‘What Are Years’ by Marianne Moore is a twenty-seven line poem that is contained within one block of text. The poem is not structured with a consistent pattern of rhyme. Instead, there are a few end words scattered throughout the lines which rhyme. This feature of the text, in tandem with Moore’s use of repetition and alliteration, helps to unify the poem. Unity is also accomplished through the lack of capitalization in the title and the run-on sentences (and therefore lack of capitalization), in the body. The moments of alliteration, or the repetition of the first letter of a word, are able to slow down or speed up one’s reading of the text. This helps create the mood that Moore was looking for.
The most important theme of this piece is the recognition of one’s own reality. Moore’s speaker, who is likely the poet herself, is seeking through her various questions, the true nature of one’s “soul.” She is a firm believer in the power that freed emotion can have. She is seeking to liberate herself, as well as any who read the text. The speaker talks through the ways that expressing oneself to the fullest extent can make one “grow taller,” just like a singing bird. The connection between nature, the soul, and living one’s best life is quite clear as well.
Summary of What Are Years
The poem begins with the speaker asking what role innocence and guilt have in the world. These emotions, and all the others associated with being human feel exposed and naked. The act of feeling, in the contemporary world, seems like an unsafe thing to do. The speaker pushes back against this feature of modern society by recognizing the courage and the way it is able to strengthen the person experiencing the emotion as well as those around that person.
In the next lines, she expresses her support for a life lived-in full recognition of one’s own mortality. She believes that this kind of life, in which nothing is hidden and all emotion is sung out, will be joyous. The poem concludes with the speaker celebrating the nature of humanity and its connection to the larger “eternity.”
You can read the full poem here.
Analysis of What Are Years
What is our innocence,
what is our guilt? All are
and in its defeat, stirs
the soul to be strong? He
The speaker begins this piece with an impactful question meant to draw in a prospective reader. It asks,
What is our innocence,
what is our guilt?
This phrase encapsulates the theme Moore is going to focus on within the next twenty-five lines. She is interested in understanding the basics of the human condition, what makes one strong or weak, and how someone should come to terms with these factors. In the next line, she states that “none is safe.” Everyone and the motivations that drive them are “naked.” The emotions that fuel one’s soul are exposed and vulnerable.
She continues on to ask where courage comes from. The speaker marvels over courage’s ability to make one strong in the face of overwhelming defeat. It comes to the surface on a variety of occasions, “even death” when it “stirs / the soul to be strong.” The speaker also explains how courage is able to “encourage others” in addition to the person experiencing renewed strength. It is clear the speaker would like to understand better where courage comes from and how it is able to manifest so powerfully. She is also interested in the power that shared emotion can have and how recognizing one’s own common humanity can have a wide-reaching, beneficial outcome.
sees deep and is glad, who
accedes to mortality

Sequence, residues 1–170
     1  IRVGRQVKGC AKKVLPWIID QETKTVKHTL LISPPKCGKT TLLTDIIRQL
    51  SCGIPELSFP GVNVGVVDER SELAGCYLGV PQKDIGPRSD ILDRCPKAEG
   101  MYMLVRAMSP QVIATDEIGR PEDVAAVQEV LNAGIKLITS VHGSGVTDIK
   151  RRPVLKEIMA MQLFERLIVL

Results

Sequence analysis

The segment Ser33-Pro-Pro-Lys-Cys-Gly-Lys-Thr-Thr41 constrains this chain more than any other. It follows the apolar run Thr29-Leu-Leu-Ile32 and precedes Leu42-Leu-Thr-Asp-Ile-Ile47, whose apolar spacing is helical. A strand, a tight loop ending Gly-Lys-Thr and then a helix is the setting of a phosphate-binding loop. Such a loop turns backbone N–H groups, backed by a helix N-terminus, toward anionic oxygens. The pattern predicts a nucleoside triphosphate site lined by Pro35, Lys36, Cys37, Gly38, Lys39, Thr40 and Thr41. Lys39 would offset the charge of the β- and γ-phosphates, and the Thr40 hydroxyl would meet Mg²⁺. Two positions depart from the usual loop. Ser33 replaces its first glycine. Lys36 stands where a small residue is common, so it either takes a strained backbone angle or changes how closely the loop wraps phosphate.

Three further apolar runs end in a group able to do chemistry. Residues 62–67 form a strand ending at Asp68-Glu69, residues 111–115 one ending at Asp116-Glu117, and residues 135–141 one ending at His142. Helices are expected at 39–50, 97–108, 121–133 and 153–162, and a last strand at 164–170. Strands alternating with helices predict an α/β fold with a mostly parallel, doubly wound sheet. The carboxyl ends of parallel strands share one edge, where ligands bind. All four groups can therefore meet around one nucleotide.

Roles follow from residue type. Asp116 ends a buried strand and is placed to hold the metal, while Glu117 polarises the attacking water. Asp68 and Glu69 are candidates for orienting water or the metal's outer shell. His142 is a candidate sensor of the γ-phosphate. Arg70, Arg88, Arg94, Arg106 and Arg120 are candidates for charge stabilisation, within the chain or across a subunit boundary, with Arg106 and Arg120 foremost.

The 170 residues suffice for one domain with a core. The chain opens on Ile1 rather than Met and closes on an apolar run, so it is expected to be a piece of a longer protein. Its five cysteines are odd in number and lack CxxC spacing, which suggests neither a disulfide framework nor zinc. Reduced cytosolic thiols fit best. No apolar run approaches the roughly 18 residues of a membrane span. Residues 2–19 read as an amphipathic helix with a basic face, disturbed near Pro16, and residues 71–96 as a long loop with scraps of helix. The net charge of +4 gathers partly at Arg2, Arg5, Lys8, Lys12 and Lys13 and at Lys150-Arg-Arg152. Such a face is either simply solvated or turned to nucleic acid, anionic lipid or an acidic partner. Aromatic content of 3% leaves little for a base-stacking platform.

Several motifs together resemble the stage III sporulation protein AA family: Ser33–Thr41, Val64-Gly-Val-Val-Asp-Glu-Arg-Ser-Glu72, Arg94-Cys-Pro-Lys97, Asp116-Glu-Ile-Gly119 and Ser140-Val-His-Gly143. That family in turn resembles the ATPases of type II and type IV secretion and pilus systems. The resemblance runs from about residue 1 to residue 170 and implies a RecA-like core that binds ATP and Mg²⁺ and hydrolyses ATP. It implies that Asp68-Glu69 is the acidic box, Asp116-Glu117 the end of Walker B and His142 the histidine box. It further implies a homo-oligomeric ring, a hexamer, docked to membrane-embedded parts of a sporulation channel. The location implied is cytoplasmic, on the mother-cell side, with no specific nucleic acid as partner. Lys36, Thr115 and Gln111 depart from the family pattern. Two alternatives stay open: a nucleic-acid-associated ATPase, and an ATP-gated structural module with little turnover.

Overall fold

in its surrendering
finds its continuing.
The next lines refer to an unknown, generalized, “He” mentioned at the end of line ten. This person is “glad” because he is able to “accede” to his own “mortality.” This means that he accepts and agrees to its rules and restrictions. A human being who does not try to resist the factors which make them human is going to be more successful. This includes the elements of courage mentioned in the first stanza but also the less pleasant experiences of fear and struggle.
The speaker refers to mortality as a prison. Humanity is stuck within its fragile form while trying to overcome obstacles which often prove to be insurmountable. The constant pull within the body must be accepted and ascended. She specifically mentions he needs to,
[…] to be
free and unable to be,
It is in this state, surrounded with the pains of defeat, the need to continue, and one’s remaining hope, that life must be lived. Moore’s speaker describes the ideal mindset as one that “surrender[s]” to human nature and in its flawed form is able to “continu[e].”
So he who strongly feels,
behaves. The very bird,
This is mortality,
this is eternity.
In the final set of lines of ‘What Are Years’ the speaker gives another example of how and why one should give into their own humanity. Someone who feels strongly, “behaves” in the same way—with passion. She gives the example of a bird that sings. Just the simple act of singing raises it up higher, straightens its form, and makes it grow taller. She sees human beings in much the same way. If one recognizes their strengths and flaws, sings of them (aka fully accepts them) then life will be more rewarding.
In the next lines of ‘What Are Years’ it is unclear whether or not the speaker is referring to the bird or to the generalized “he” from the previous sections. Either way, the metaphor works the same. The bird or man is able, in an idealized world, to sing with great strength even though “he is captive.” This can refer to both the man’s body or to the bird’s cage.
This type of attitude will bring joy to life. It is the embodiment of a recognition that mortality is inescapable. This person will tap into a wellspring of human emotion unavailable to those who continue to fight against their impulses. The final lines are a celebration of humanity. To be human is to be mortal and a part of eternity.